Saturday, May 26, 2012


You’ll have to excuse me, my loyal readers. I find myself inside of a 10-day period when, instead of going to the office and toiling away for pay, I’m attempting to make some progress on writing a third book. As a result, virtually all of my intellectual efforts at the computer will be devoted to that task.

So, please allow me to take this opportunity to utilize the following crutch: I will briefly opine on a number of topics, rather than addressing only a single issue in any great depth. This approach isn’t exactly my cup of tea, but in a society dominated by texting, cell phone-driving, multitasking, tweeting … let’s just say it’s “Age appropriate.”

1. Does anyone in America care what’s been happening in Syria? Does anyone in America even know what’s been happening in Syria? Or did that story effectively end once we decided that it wouldn’t have a quick and happy ending?

Please, do us all a favor and follow the awful nightmare that is befalling that country. I realize it’s not a feel-good story like the rest of the so-called Arab Spring, but it is no less important than the other popular uprisings against Arab dictators. If nothing else, the Syrian experience will tell you something about the kind of neighborhood Israel plays in, so next time a peace activist tells you that they support boycotting Israel and only Israel, you can laugh your butt off.

2. Please don’t tell me that while you weren’t paying attention to Syria, you were instead following Mitt Romney’s statements about what’s ailing the American education system. From what I can tell, Mitt has virtually nothing to add on that topic. So why did he call attention to that fact?

Back in 1992, Clinton’s War Roomers coined the motto “It’s the economy, stupid.” If Romney wants to win, he better repeat that mantra at least 20 times every night before he goes to bed. From what I can tell, the economy is the only issue in which Mitt can gain any traction. And fortunately for him, it’s the most important issue to the American electorate So … why even bring up civil rights, education, or foreign policy? The economy is the one area in which the President is vulnerable, and the one issue in which Romney is comfortable touting his experience. Any word he utters on another topic is a win for the President.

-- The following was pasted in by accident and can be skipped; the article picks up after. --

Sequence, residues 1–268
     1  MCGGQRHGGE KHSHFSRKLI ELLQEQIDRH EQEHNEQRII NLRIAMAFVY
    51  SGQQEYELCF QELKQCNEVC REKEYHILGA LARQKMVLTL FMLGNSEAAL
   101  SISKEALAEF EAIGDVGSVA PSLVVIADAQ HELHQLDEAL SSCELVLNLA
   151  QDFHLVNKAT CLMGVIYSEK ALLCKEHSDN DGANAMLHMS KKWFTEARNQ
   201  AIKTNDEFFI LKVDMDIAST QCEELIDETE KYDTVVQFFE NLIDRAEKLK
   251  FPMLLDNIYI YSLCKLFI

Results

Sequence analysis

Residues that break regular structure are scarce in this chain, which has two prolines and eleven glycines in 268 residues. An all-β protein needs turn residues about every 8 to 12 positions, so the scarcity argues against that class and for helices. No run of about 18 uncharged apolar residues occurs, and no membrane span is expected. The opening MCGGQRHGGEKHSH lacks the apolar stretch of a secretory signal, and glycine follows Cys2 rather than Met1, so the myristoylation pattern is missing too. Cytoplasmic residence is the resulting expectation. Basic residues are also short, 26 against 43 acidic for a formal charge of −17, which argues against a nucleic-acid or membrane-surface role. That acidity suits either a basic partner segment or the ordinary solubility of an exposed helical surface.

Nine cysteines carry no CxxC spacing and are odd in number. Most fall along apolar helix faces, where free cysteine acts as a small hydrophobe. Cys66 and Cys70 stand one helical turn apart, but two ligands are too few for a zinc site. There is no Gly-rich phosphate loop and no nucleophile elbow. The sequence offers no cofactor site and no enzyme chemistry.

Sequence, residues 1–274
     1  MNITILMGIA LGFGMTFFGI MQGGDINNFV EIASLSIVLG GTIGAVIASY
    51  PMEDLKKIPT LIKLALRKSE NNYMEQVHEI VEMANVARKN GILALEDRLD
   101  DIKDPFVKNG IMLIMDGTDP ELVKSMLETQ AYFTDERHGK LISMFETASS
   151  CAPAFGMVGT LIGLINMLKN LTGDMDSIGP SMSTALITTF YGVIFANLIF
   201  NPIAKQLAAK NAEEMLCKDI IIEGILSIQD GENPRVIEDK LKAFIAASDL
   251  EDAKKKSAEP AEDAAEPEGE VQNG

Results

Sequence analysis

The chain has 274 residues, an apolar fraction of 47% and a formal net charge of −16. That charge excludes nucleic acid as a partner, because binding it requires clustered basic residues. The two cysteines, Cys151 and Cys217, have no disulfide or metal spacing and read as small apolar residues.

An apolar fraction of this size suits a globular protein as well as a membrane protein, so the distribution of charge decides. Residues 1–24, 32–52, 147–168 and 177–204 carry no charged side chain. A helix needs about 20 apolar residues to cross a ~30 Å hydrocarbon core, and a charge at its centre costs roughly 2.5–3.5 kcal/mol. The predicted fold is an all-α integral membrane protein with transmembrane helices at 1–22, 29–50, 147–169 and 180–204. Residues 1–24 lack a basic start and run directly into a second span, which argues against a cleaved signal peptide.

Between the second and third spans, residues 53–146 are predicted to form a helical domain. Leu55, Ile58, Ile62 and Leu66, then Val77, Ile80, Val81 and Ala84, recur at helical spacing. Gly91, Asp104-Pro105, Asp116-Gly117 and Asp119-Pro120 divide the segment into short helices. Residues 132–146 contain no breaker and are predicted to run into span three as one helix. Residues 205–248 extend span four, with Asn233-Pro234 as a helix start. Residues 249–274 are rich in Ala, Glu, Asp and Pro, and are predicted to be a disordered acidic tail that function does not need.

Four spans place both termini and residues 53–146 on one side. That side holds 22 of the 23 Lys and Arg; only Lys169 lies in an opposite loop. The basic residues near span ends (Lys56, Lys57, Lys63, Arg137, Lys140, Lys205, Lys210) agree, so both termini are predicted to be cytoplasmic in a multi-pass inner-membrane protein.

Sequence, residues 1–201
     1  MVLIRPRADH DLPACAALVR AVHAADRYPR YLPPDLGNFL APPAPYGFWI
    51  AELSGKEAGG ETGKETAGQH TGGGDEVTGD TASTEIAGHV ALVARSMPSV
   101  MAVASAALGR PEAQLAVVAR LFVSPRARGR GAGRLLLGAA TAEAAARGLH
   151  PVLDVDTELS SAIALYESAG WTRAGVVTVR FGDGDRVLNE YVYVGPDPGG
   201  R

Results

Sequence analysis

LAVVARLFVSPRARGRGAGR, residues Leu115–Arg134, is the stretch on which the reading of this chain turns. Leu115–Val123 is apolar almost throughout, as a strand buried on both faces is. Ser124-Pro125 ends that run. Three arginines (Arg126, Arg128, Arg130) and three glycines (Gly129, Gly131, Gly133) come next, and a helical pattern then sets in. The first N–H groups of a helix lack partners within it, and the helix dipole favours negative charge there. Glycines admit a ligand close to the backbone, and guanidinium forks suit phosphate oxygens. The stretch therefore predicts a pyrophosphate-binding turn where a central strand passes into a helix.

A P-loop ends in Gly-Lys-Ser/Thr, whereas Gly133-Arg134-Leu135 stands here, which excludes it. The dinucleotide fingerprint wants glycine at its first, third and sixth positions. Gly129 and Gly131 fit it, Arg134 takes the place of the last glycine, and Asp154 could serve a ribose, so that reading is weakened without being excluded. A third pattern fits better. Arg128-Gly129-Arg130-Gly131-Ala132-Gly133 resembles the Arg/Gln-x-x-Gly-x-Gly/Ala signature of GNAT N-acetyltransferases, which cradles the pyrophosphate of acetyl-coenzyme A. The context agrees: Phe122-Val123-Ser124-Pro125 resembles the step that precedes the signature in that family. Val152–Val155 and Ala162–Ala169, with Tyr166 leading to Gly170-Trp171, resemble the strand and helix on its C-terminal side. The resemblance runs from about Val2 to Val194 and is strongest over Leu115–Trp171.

3. Speaking of the economy, did you hear that Romney recently said the following: "If you just cut, if all you're thinking about doing is cutting spending, as you cut spending you'll slow down the economy.” And he also said, "Well because, if you take a trillion dollars for instance, out of the first year of the federal budget, that would shrink GDP over 5 percent. That is by definition throwing us into recession or depression. So I'm not going to do that, of course.”

Wow! I guess the primary season is over, and we’re already taking that great Etch-a-Sketch journey to the middle of the road. This is so potentially reminiscent of 2008, when Obama seized his party’s nomination by arguing for a roll back of the Bush tax cuts, only to decide at the critical time of his Presidency that such a move would do too much short-term damage to the economy.

Tell me, what do these politicians really believe -- (a) The way they campaign for the nomination? (b) The way they campaign for the general election? (c) The way they govern? (d) Who the hell knows?

That’s a rhetorical question. Please don’t overthink the answer.

4. And speaking of not believing what a politician says, what do you all think of Cory Booker’s performance last Sunday on Meet the Press? Booker, the mayor of Newark, came on to that show ostensibly as a surrogate for Obama. But then he proceeded to trash the Obama campaign for running negative ads against Mitt Romney regarding Mitt’s conduct at Bain Capital. This resulted in the Republican National Committee hailing Booker and some other Wall Street Democrats for defending private equity firms like Bain against demonization by Democratic operatives.

Once again, there’s a trust issue here. Was Booker defending private equity because he hopes to raise lots of money from Wall Street, which is only a hop, skip and a jump from his perch in New Jersey? In other words, was this a politically calculated attempt at a “Sister Souljah” moment? Or was Booker making his point because he truly is offended by the idea of demonizing an entire American industry which, the last time I checked, wasn’t breaking any law?

I can’t read Cory’s mind. I have no idea if he was more truth-teller or panderer. But this much I can say: long before Obama started airing negative ads against Romney, Mitt’s boys were running ads against Obama that were completely misleading. And you can believe that this entire campaign season will be marked by both sides running one misleading ad after another. If you don’t like that, fine. Be a journalist. Be a political scientist. Be a statesman campaigning, more or less, as an independent. Just don’t show up, ostensibly as a surrogate, and then slam your guy for doing what both sides do, and what would be political suicide if your side stopped doing it while the other guy didn’t. Because if you want to show up as a surrogate and then act like you’re more-principled-than-Thou, people will think you are phonier than the ads you’re criticizing.